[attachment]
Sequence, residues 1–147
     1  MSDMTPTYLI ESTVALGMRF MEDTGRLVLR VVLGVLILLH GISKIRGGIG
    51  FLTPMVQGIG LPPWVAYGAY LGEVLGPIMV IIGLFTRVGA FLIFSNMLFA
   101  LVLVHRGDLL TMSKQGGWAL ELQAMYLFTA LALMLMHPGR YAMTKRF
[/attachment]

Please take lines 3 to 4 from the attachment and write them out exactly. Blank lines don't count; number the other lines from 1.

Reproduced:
    51  FLTPMVQGIG LPPWVAYGAY LGEVLGPIMV IIGLFTRVGA FLIFSNMLFA
   101  LVLVHRGDLL TMSKQGGWAL ELQAMYLFTA LALMLMHPGR YAMTKRF